7. #7
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    I also worked for ATT as an IT tech. Att does have software to remotely access any machine connected to it's network without asking the user's permission -- ignorant people who wouldn't answer the phone anywhoos. The callcenter portion of the business uses VoIP. Each station has a device that plugs into the phone switch. Those workers even have access to email.

    To answer your question: One could remote into other machine with full audio to access the java app that runs the devices. Even can browse their email, instant messages, edit Word documents. We had 1 user who claims ghosts were in her machine .

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    The link to the relevant article is dead, also could you clarify what you mean by eavesdropping? Perhaps you have been watching too many movies because I think you mean they can activate the microphone on your cell phone with software they have installed. While it is completely possible for the microphone in your cell phone to be remotely activated, you 1. don't need software to do that 2. have to be an agent for the federal government, even then you would have to get a warrant from the court and then present it to the service provider (cell phone company: at&t, nextel, etc...) and then, and only then can the service provider do so... So if your asking can anyone that you work with/against do this? the answer is no, can they read your sms/mms messages left in your phone, go through emails that are left on your phone, then that answer is yes, but only if you have bluetooth enabled on your phone. So to take the path of less resistance, I would advise to keep your phone away from work, if this is not an option, then don't keep it laying around, keep it on you, and smack anyone who gets near it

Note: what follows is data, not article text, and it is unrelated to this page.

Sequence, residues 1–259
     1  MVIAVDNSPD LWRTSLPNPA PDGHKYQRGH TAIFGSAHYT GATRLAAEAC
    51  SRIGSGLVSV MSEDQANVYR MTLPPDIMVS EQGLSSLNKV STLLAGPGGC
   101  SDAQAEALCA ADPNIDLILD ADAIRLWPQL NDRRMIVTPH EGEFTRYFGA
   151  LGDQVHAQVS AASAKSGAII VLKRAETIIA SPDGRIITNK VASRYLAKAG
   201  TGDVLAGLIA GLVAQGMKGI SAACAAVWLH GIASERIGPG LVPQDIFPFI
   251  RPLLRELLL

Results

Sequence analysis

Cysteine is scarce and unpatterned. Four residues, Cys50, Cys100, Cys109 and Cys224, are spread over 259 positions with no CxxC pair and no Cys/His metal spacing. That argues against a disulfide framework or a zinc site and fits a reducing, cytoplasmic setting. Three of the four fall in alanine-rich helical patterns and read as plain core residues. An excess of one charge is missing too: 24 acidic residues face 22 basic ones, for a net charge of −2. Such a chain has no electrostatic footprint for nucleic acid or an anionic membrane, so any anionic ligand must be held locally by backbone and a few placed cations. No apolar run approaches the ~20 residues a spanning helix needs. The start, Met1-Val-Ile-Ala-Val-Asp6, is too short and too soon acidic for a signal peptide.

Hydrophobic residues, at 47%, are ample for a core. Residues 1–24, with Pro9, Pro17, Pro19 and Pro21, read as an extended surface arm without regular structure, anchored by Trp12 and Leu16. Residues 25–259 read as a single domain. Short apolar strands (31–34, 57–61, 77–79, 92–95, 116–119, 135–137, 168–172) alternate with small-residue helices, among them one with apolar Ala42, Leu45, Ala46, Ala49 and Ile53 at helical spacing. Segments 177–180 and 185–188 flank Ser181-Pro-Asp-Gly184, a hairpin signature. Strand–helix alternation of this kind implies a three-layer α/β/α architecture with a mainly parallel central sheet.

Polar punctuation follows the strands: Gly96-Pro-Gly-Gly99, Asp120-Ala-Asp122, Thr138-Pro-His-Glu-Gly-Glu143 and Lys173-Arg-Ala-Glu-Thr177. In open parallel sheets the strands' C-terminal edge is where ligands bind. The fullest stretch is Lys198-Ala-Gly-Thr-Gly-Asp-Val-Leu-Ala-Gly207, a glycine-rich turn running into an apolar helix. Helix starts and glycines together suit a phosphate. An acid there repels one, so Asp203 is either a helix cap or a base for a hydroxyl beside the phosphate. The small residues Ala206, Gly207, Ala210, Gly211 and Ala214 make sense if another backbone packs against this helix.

but do be paranoid, they are all out to get you at any cost! lol
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  9. #9
    Junior Member Luc the Geek's Avatar
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    Att does have software to remotely access any machine connected to it's network without asking the user's permission
    LinenOise, can you elaborate on this topic? I'm curious to what the application is and how it would work to take over a device like Motorola Razor or Sony Ericsson. What command packet can the software send to allow remote access on a 'typical' cellphone? Wouldn't the user notice their device in use?

    I would be more accepting of the possibility of this working on smartphones running Windows Mobile or Palm OS (and whatever RIM uses) but I don't understand how that could work on a consumer cellphone.

    Thanks
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  10. #10
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    Quote Originally Posted by Luc the Geek View Post
    LinenOise, can you elaborate on this topic? I'm curious to what the application is and how it would work to take over a device like Motorola Razor or Sony Ericsson. What command packet can the software send to allow remote access on a 'typical' cellphone? Wouldn't the user notice their device in use?
    My bad. I could have been off topic. Yes they do have spy software for both XP and Vista machines. Our department installs the service into every image. I'm sure there are some bluetooth junkies out their that uses that direct networking or dialing feature. If a person goes to a meeting, you can see all shares, devices, and audio with or without the screensaver.

    Don't believe......google AMDOCS. enough said.